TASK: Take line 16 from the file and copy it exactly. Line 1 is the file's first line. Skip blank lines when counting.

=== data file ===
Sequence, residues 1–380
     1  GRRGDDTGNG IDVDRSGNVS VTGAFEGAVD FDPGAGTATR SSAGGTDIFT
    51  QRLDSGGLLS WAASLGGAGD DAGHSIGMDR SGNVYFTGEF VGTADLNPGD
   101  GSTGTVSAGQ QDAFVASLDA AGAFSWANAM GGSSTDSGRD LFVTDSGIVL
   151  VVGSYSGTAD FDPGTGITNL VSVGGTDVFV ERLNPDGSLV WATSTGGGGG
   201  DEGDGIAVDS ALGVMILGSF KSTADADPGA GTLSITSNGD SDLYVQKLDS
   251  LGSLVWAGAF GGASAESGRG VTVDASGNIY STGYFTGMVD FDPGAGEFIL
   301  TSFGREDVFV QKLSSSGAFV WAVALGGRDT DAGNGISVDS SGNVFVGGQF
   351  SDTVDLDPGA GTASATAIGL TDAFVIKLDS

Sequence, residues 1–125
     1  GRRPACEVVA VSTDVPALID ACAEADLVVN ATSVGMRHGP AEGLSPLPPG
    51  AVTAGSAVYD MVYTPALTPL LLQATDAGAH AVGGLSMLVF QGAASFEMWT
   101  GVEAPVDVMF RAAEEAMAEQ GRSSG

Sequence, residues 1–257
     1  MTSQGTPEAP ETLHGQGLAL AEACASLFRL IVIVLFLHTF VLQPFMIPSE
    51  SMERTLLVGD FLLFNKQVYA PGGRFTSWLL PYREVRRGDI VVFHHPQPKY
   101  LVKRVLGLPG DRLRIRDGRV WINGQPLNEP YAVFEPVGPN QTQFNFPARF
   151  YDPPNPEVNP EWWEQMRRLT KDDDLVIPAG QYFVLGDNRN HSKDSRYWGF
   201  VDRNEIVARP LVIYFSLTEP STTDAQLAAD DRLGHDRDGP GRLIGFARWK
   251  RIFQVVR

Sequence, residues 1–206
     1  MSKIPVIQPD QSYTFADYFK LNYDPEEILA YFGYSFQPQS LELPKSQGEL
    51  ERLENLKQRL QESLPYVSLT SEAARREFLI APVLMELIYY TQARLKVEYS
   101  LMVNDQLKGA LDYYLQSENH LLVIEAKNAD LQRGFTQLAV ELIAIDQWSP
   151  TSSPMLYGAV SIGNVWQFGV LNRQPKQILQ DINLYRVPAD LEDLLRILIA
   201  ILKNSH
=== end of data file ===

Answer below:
    51  SMERTLLVGD FLLFNKQVYA PGGRFTSWLL PYREVRRGDI VVFHHPQPKY